Alex Murdaugh's defense team is expected to rest Monday after the disgraced attorney spent two grueling days last week testifying at his double murder trial in Walterboro, South Carolina.
Defense lawyer Dick Harpootlian said Friday afternoon that they had four more witnesses, including a crime-scene analyst, then planned to formally end their case by the early afternoon.
Assistant Attorney General Creighton Waters said he expected to have one or two brief rebuttal witnesses. Closing arguments could be as early as Wednesday.
Monday marks the sixth week of the live-streamed trial that has mapped out the spectacular downfall of the powerful scion of what was once seen as an untouchable legal dynasty in the Lowcountry of South Carolina.
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Murdaugh denied fatally shooting Paul, 22, with a shotgun and Maggie, 52, with a rifle near the dog kennels at the family's hunting estate in Islandton when he took the stand Thursday in his own defense.
"Mr. Murdaugh, are you a family annihilator?" Waters asked on cross-examination.
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"No, I would never hurt Maggie. I would never hurt Paul," he told the Colleton County jury.
During the nine-hour grilling that ended Friday afternoon, Waters portrayed Murdaugh as a pill-addled, serial liar who was on the verge of a devastating financial reckoning.
Prosecutors have argued that Murdaugh, in an act of ruthless self-preservation, killed his wife and son to deflect from his theft of nearly $9 million from his law firm and clients to fuel a lavish lifestyle.
The 54-year-old disbarred attorney, who sobbed frequently during his testimony, admitted on the stand for the first time publicly that he had lied to investigators, friends and family about going to the dog kennels the night of the murders.
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He claimed his two-decade-long opioid addiction made him paranoid and distrustful of investigators – although he willingly sat for three separate interviews.
Murdaugh only came clean after cellphone video recovered from Paul's phone in 2022 placed him at the crime scene minutes before the fatal shootings.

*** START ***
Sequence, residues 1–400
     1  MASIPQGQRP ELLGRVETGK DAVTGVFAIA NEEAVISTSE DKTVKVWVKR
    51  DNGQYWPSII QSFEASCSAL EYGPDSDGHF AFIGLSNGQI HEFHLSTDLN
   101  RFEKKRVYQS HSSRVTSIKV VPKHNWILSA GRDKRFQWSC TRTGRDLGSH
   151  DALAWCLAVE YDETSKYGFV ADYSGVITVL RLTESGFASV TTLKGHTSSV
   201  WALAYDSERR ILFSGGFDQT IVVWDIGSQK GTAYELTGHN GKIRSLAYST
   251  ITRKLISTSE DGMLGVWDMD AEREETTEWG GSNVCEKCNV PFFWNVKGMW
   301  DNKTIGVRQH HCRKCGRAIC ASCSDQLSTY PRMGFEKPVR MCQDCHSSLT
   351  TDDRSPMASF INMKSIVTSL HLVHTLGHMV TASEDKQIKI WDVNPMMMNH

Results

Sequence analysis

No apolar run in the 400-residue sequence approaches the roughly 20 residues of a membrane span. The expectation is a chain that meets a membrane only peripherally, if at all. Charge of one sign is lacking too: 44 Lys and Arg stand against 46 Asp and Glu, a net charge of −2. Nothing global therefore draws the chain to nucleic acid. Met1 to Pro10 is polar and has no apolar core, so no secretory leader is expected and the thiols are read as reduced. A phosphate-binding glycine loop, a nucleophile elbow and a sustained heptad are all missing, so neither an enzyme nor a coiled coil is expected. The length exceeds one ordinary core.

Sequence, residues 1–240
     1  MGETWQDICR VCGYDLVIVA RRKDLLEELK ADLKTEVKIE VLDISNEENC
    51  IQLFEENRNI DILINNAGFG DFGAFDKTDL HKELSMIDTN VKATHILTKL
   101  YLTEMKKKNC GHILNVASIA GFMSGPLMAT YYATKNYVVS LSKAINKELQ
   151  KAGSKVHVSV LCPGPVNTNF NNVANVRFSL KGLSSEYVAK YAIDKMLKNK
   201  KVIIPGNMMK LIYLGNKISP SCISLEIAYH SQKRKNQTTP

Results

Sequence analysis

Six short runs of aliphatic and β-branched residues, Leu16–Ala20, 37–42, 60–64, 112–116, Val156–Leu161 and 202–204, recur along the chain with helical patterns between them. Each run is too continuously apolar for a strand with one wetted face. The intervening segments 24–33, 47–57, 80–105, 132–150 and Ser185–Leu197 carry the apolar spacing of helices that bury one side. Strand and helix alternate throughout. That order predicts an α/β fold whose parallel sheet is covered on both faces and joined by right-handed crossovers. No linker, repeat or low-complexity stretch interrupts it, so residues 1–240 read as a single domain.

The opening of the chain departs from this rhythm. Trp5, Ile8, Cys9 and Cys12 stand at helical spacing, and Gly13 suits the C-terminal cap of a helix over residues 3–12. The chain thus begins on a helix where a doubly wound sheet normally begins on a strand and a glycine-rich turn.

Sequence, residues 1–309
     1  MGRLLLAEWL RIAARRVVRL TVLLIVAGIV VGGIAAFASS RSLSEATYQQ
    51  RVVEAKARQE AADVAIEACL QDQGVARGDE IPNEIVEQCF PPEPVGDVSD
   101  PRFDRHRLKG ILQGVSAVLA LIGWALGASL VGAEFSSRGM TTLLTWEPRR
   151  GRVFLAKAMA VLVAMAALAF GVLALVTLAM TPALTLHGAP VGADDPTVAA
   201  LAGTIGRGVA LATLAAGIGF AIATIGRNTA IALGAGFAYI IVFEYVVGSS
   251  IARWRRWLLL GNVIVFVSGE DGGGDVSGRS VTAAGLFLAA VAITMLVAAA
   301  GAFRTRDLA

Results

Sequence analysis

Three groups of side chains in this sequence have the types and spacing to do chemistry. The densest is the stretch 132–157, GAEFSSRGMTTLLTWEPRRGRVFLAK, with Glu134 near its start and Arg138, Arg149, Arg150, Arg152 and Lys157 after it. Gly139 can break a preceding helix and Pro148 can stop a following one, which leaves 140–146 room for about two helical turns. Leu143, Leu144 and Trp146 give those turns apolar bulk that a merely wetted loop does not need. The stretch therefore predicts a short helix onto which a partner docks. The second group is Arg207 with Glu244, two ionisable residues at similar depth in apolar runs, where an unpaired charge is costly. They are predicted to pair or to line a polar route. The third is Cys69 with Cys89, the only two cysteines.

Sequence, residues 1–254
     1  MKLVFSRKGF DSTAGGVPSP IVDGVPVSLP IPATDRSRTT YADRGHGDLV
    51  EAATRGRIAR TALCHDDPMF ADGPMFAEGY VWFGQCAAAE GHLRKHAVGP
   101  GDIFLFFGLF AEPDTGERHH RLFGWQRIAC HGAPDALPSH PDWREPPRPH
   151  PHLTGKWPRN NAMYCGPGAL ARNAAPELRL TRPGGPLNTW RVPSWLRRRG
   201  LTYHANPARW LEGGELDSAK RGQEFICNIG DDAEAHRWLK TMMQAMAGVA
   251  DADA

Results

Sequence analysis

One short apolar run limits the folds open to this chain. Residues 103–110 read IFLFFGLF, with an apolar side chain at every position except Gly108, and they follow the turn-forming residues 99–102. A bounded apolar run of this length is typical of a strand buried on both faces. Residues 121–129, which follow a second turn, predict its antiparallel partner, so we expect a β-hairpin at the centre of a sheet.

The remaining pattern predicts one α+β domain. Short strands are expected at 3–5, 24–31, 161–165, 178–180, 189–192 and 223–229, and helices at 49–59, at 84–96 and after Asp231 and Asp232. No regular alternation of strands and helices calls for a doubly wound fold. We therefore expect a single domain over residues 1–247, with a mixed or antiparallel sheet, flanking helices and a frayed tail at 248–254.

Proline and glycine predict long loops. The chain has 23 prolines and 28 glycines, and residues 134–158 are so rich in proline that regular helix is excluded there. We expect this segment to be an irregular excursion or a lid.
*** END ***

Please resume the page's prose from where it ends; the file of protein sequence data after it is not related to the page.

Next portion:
The video, recorded at 8:45 p.m., captured Murdaugh and his wife talking in the background. Prosecutors say he executed his wife and son at about 8:49 p.m. when the victims' phones locked for the last time.
"You, like you have done so many times in your life, had to back up and make a new story to fit with the facts?" Waters asked.
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"No, sir," Murdaugh replied. Waters repeatedly poked holes in Murdaugh's ever-changing account of the night of the crime.
Murdaugh pinned the murders on a deadly 2019 boat wreck. Paul drunkenly crashed his father's boat into a bridge, killing 19-year-old Mallory Beach, injuring four others and triggering a wrongful death lawsuit that set off an unthinkable spiral of destruction for the Murdaugh family.
"I can tell you that at that time, and as I sit here today, that I believe that boat wreck is the reason why PawPaw and Maggie were killed," he said tearfully. "I'm certain."
Murdaugh said that after Paul was criminally charged in the crash, he was vilified in the press and received threats on social media.
"I believe then, and I believe today, that the wrong person, the wrong person saw and read that," he said, adding that he doesn't suspect that any of the boat passengers or their families are responsible.
Waters mocked what he described as Murdaugh's "random vigilantes" theory. These suspects, Waters said, somehow happened to know Paul and Maggie would be alone at the kennels at that exact time and had access to the family's weapons and ammunition.